By NEIL HARTNELL
Tribune Business Editor
Bahamians must "start raising hell" over recent revelations of government waste, fraud and questionable contracts, a governance reformer urging: "We've got to move past this horrible era."
Robert Myers, the Organisation for Responsible Governance's (ORG) principal, told Tribune Business that The Bahamas desperately needed "to turn the corner" on practices that had caused "so many third world countries to go down in flames".
He warned that Bahamian society "cannot survive" unless it halts "the blatant waste of taxpayer dollars", which is threatening "to drag all of us down with it" through ever-increasing taxes, inferior public services and the undermining of a meritocracy.
Mr Myers' comments came after the Auditor General's report for the 2014-2015 fiscal year, tabled in the House of Assembly last week, revealed multiple incidents of fraud, corruption, waste of taxpayer funds and public sector mismanagement resulting from the absence of weak controls and inadequate supervision.
The report disclosed that the shredding of documents to cover up fraudulent activities was "a matter of routine" at the Department of Social Services, while the Post Office Savings Bank was possibly the world's only financial institution not to know how much money it holds on behalf of depositors.
The Auditor-General also cited missing funds that could not be accounted for at the Road Traffic Department, along with instances of licensing fee evasion, duplicated licence slips and fraudulent insurance certificates.
That report's release followed the tabling of two assessments in the House of Assembly that questioned whether the Ministry of Finance obtained "value for money" on a computer supply contract and deal to rent three apartments to house foreign consultants. (see story HERE)
FTI Consulting, the Bahamian accounting and advisory firm that investigated the Ministry's procurement processes and contract awards on the Auditor General's behalf, said neither deal was put out to competitive bidding with the Government's Tenders Board is routinely bypassed in the awarding of contracts that should go before it.
While not commenting on the specifics of all these findings and the Auditor General's report, Mr Myers said successive governments - as well as the public service generally - needed to be held accountable for the way in which they have used taxpayer monies.
He also called on the Ministry of Finance to "answer" why the contracts analysed by FTI Consulting had not been put out to competitive tender via public bidding, and why it had seemingly failed to follow its own rules over the awards.
"It's the people's money. Where's the accountability and responsibility of the public sector to the people and the people's money?," Mr Myers asked. "It's our money they're spending. If you didn't do your job back then you should be held accountable.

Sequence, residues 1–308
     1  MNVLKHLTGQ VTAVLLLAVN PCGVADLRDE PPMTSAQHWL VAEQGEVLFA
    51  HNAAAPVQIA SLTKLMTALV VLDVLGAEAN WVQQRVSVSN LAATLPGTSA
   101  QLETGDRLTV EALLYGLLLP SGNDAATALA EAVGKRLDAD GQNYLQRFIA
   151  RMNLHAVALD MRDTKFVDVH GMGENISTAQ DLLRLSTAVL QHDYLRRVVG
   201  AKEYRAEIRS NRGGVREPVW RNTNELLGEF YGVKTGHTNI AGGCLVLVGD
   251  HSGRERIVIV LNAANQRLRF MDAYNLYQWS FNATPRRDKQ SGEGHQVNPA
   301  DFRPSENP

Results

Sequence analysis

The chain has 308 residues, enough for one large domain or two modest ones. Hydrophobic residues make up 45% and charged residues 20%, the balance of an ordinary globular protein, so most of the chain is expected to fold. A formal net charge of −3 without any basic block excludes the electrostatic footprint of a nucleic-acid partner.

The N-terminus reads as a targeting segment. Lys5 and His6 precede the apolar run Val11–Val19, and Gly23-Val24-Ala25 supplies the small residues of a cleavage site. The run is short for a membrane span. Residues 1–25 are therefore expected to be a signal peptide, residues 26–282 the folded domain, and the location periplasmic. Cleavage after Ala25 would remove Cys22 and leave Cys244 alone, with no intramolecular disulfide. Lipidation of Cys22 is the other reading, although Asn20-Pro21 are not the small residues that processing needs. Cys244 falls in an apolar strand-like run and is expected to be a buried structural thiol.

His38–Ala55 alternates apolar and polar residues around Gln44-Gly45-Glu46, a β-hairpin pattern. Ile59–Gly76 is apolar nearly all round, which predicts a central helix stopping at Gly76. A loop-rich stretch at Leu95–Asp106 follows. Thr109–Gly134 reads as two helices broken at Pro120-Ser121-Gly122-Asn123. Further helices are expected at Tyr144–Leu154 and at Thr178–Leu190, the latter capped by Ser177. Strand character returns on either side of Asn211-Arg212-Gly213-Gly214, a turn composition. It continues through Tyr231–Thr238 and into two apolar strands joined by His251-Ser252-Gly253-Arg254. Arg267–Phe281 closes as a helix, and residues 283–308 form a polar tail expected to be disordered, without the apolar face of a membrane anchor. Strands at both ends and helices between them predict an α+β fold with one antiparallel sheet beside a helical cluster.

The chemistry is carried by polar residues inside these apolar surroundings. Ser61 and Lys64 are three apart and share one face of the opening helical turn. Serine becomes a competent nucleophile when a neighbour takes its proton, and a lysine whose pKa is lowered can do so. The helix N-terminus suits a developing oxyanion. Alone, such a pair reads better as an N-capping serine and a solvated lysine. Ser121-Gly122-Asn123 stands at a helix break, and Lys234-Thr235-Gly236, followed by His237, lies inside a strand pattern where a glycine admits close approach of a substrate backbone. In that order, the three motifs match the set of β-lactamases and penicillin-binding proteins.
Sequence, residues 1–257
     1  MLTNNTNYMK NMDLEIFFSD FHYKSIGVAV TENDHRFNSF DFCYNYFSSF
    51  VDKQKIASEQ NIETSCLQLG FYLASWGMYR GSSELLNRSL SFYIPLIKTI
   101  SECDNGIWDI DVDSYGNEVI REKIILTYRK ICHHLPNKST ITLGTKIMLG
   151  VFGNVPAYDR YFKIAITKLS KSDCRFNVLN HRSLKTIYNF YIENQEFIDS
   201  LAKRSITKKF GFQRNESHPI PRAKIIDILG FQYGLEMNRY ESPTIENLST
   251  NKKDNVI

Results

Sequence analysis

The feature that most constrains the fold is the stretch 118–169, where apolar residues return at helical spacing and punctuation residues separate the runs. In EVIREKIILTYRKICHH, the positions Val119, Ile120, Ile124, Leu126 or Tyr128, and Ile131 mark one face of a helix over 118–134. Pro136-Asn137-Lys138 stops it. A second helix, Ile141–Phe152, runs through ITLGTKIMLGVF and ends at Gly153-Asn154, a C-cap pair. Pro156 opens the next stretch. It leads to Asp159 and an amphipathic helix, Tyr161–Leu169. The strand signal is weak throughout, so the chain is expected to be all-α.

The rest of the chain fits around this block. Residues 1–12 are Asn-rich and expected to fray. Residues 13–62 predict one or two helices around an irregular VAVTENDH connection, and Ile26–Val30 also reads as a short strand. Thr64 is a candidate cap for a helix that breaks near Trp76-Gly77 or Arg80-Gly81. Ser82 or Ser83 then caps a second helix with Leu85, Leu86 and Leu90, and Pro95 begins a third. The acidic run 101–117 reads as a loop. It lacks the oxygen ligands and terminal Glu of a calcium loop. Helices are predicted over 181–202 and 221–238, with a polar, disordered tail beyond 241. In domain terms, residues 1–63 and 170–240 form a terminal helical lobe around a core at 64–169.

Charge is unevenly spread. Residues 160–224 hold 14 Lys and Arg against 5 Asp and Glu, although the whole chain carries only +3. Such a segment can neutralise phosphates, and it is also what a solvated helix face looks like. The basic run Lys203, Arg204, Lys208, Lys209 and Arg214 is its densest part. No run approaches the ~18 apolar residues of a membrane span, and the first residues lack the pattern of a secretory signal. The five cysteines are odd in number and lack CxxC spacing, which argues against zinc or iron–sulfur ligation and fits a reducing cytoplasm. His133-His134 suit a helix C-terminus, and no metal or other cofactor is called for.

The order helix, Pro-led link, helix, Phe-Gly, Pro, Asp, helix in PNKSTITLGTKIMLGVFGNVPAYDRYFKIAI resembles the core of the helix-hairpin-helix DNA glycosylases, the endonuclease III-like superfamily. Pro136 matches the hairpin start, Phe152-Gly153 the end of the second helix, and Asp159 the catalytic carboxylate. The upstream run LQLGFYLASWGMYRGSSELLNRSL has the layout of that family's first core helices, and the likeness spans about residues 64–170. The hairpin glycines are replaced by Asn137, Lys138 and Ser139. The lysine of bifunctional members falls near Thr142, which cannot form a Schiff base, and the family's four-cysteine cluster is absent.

"We've got to move past this horrible era of governance. It's our money that they're spending and throwing away. It's sickening. The only way we're going to return to the equitable enforcement of the rule of law is if this is done. There has to be a line in the sand that can't be crossed. They should be held to task. It's just ridiculous."
Mr Myers said Bahamians must demand accountability from present and former governments, regardless of political leanings and whether they were FNM or PLP administrations.
He emphasised that it was in every citizen's interest to demand higher standards from politicians and the public service, otherwise their financial well-being will be directly impacted - as it already has been - through higher taxes to pay for excessive and wasteful government spending.
"We've got to get this out of the system," Mr Myers told Tribune Business last week. "It's just killing us. This is why so many third world countries go down in flames: The blatant waste of taxpayers' dollars. It drags countries down.
"Bahamians need to be starting to raise hell. We've got to turn the corner. The country cannot survive. It will drag us all down with it. Those benefiting from it don't care."
Mr Myers agreed that the reports exposed the need to strengthen, and "beef up", proposed legal reforms to overhaul public procurement processes throughout the Government. It also, he added, highlighted why the Government needed to push forward with other legislation to protect so-called "whistleblowers", and create an Integrity Commission and Ombudsman's office.
"These matters highlight the need for greater transparency in the public procurement process, as well as the even greater need for a State Sectors Act that would prohibit ministers meddling in the affairs of the public sector process," the ORG principal said.
"The management and administration of each government ministry must be the business of the executives of the ministries, and they are to be held accountable to run these ministries in accordance with establish budgets and specific protocols. It is the job of the Minister to establish the overall objectives to be carried out and then see to it that they are done. This being similar to a Board and the management team within the private sector."